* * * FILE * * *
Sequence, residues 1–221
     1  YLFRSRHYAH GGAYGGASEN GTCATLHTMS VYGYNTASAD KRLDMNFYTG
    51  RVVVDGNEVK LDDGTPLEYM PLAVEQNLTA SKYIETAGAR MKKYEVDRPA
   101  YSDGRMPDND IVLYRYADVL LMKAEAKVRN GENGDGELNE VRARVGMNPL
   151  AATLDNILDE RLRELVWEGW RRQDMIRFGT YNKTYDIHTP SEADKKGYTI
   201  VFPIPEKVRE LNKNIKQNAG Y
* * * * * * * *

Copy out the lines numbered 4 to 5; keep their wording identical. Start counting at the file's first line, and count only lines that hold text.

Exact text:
   101  YSDGRMPDND IVLYRYADVL LMKAEAKVRN GENGDGELNE VRARVGMNPL
   151  AATLDNILDE RLRELVWEGW RRQDMIRFGT YNKTYDIHTP SEADKKGYTI